The excited singlet and triplet states can be deactivated by interaction of the excited molecules with the components of a system. These bimolecular processes are quenching processes, including collisional quenching (diffusion or nondiffusion controlled), concentration quenching, oxygen quenching, and energy transfer quenching. The oxygen quenching of luminescence is the major photophysical mechanism for PSP. Due to the oxygen quenching, air pressure on
an aerodynamic model surface is related to the luminescent intensity by the Stern – Volmer equation that will be further discussed. The quantum efficiency of luminescence in most molecules decreases with increasing temperature because the increased frequency of collisions at elevated temperatures improves the possibility for deactivation by the external conversion. This effect associated with temperature is the thermal quenching, which is the major photophysical mechanism for TSP.
The population of the excited singlet states (SI) and triplet states (TI) at any given time depends on the competition among different photophysical processes listed in Table 2.1. The singlet state population [SI] and triplet state population [TI] are described by the following first-order kinetic model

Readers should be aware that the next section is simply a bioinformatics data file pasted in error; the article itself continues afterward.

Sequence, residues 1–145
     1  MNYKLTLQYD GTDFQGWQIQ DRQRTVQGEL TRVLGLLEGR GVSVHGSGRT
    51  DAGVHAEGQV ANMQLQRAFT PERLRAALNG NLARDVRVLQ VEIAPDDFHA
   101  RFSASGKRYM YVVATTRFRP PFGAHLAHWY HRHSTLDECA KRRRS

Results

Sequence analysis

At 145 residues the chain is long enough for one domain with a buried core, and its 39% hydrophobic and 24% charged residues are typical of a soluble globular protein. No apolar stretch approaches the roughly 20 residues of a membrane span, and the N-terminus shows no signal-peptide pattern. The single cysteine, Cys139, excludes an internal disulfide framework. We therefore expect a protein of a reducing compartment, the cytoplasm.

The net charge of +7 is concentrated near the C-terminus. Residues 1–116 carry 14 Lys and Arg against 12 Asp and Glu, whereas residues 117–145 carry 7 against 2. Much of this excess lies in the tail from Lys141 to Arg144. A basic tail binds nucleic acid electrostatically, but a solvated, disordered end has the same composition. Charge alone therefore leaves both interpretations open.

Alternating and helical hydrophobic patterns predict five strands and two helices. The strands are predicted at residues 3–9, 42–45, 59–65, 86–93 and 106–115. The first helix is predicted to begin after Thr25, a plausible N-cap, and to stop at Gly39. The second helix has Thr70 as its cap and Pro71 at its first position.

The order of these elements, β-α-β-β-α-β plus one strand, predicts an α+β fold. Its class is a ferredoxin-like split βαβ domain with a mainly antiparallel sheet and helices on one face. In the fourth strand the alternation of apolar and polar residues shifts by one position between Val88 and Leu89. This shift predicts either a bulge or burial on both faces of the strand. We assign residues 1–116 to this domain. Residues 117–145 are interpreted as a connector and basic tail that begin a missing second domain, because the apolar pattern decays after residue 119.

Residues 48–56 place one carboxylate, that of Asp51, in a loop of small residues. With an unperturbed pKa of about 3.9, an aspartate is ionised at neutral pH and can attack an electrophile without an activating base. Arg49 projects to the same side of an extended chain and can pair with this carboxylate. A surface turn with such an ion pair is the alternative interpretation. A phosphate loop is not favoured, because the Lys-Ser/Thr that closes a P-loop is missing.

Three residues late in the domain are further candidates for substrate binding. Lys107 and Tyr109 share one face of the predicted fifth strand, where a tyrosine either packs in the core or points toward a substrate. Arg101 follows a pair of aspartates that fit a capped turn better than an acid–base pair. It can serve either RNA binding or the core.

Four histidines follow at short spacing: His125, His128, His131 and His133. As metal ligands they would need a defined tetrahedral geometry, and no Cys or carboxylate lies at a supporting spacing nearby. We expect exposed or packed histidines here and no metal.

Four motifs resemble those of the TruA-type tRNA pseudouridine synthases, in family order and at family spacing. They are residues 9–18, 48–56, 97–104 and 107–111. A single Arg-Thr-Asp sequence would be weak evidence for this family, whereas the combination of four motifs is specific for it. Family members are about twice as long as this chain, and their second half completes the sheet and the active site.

йЫ. = I a – (kf + kic + + kq(s)[Q])[Sj]
where Ia is the light absorption rate of generating the excited singlet states, [Q] is the population of the quencher Q, kf and kp are, respectively, the rate constants for fluorescence and phosphorescence, kisc(si } and kisc(ti } are, respectively, the rate constants for the intersystem crossings SI ^ TI and TI ^ S0, kcc is the rate constant for the internal conversion, and kq(s) and kq(t) are the rate constants for the quenching in the singlet states and triplet states, respectively. The light absorption rate Ia = ksI[S0] is proportional to the population [S0] in the ground state and the rate constant of excitation ks1. After a pulse excitation, the times required for the populations in the excited singlet state and triplet state to decay to 1/e of the initial value are, respectively,
Tf = (kf + kic + kisc(sI-tI) + kq(s)[Q])
Tp = I/(kp + kisc(ti-So) + kq(t) [Q]). (2.2)
The time constants Tf and Tp are defined as the fluorescent and phosphorescent
lifetimes, respectively. Usually, the lifetime of a specific photophysical process is defined as the reciprocal of the corresponding rate constant. Typical values of the lifetimes for different photophysical processes are listed in Table 2.1. When the intersystem crossing from T1 back to Sq (T1 ^ S1 + A ) is included in the kinetic
m°deb extra terms kisc(tl-Sl)[Tj] and – kisc(,I-Sl)[Ti] should be adde^
respectively, to the right-hand sides of Eq. (2.1) for [SI] and [TI], where ksx( ) is the rate constant for the intersystem crossing Tq ^ Sq. In this case,
the kinetic model becomes a coupled system of equations (Mosharov et al. 1997; Bell et al. 2001). Since S1 is a higher energy state than T:, this intersystem crossing is thermally activated and therefore the rate constant for the process T1 — S: is temperature-dependent.
Table 2.1. Photophysical processes involving electronically excited states